Joe Upton, author of the award-winning book Alaska Blues, an account of a season commercial fishing in Southeast Alaska, has produced a new volume, Bering Sea Blues – A Crabber’s Tale of Fear in the Icy North, just out from Epicenter Press in Kenmore, Washington.
Upton was just 25 years old when he boarded the 104-foot Flood Tide pulling out of Seattle in March 1971, headed for Dutch Harbor with 700-pound crab pots stacked three deep on the deck. Every time the vessel iced up, which was often, the crew would have to beat the ice off with hammers and baseball bats, literally fighting for their lives in the howling winds in 30 foot seas.
This is Upton’s white-knuckle memoir of a winter of fishing for king crab in the Bering Sea, of 12-to-14 hour days in search of elusive pockets on the ocean floor that could yield tons of the precious king crab.
The mood of the book, a sense of foreboding, is set in Upton’s prologue: “The Bering Sea is a bad place, the meanest sea that washes any shore,” he wrote. “To the west is Siberia, to the north the Arctic, to the south the North Pacific, and to the east the vast tundra coast of Alaska. All are weather breeders. Calm days are rare.”
Upton, who got his start in fisheries as a fleet mechanic for a Chilean fishing company at $50 a month, was befriended by a fellow American who suggested he head north to Alaska, where he could make big bucks and walking the docks in Seattle, he found a job aboard a vessel heading for Southeast Alaska to buy fish.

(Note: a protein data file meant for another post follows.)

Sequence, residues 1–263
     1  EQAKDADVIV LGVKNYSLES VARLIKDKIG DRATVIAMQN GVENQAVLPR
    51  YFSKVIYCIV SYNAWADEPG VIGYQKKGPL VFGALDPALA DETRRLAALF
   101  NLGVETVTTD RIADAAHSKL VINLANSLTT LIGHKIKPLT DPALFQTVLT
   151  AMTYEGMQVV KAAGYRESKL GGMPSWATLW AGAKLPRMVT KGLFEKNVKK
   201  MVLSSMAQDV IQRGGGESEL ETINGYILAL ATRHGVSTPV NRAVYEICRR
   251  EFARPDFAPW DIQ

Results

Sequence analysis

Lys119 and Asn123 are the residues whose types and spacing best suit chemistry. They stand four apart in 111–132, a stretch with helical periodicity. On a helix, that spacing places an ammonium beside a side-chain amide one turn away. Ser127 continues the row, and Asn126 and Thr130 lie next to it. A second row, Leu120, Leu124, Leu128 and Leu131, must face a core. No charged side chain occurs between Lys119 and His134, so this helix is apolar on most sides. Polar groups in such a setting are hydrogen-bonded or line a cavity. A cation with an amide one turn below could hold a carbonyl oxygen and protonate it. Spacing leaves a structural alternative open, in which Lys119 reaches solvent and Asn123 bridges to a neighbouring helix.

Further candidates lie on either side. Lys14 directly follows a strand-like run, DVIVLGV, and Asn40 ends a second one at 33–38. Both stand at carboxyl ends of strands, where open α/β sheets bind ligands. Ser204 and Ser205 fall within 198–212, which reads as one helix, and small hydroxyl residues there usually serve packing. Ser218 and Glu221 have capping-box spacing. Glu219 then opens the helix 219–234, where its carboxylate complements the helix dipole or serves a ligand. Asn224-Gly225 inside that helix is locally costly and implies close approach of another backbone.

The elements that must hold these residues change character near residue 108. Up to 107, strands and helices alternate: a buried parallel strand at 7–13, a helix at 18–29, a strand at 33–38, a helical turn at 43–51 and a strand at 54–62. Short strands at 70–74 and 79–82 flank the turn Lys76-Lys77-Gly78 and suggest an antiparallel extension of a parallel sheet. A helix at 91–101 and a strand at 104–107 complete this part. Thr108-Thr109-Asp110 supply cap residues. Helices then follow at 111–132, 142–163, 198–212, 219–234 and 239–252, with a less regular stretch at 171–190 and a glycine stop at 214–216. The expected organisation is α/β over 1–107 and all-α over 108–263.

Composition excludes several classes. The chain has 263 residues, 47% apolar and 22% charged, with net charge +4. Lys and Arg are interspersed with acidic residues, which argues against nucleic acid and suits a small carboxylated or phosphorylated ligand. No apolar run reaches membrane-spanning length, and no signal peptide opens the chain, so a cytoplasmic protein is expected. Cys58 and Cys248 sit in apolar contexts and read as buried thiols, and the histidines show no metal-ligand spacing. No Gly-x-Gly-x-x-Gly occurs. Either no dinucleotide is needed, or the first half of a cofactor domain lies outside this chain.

Later Upton moved to crab boats and describes in vivid detail that drama and hair raising adventures of life aboard a crab vessel.
Upton’s epilogue too will keep readers on edge as he describes some of the tragic losses of life in the Bering Sea crab fishery. “For myself, if there was a single event that epitomized the vicious conditions of the Bering Sea, always probing the defenses of any boat, it was what happened to the big 120 footer Vestfjord on an October evening in 1981 and shocked the entire Bering Sea crab fleet,” he wrote.
“Apparently the wave that hit the Vestfjord blew her pilothouse windows inward with enough force that the brass motor of the spinner drove directly into (Skipper Jens) Jensen’s head, killing him instantly. The water also shorted out most of the radios, the automatic pilot, and all the electronic navigation equipment.”
Only after a fierce struggle with the wind howling through the shattered pilothouse windows was the crew able to get the manual steering operating, the crabber turned away from the wind, a radio operating, and start back to Dutch Harbor.
“It was a tragic reminder to the whole crab fleet that even in the apparent security of the pilothouse, the Bering Sea is capable of striking a fatal blow,” he wrote.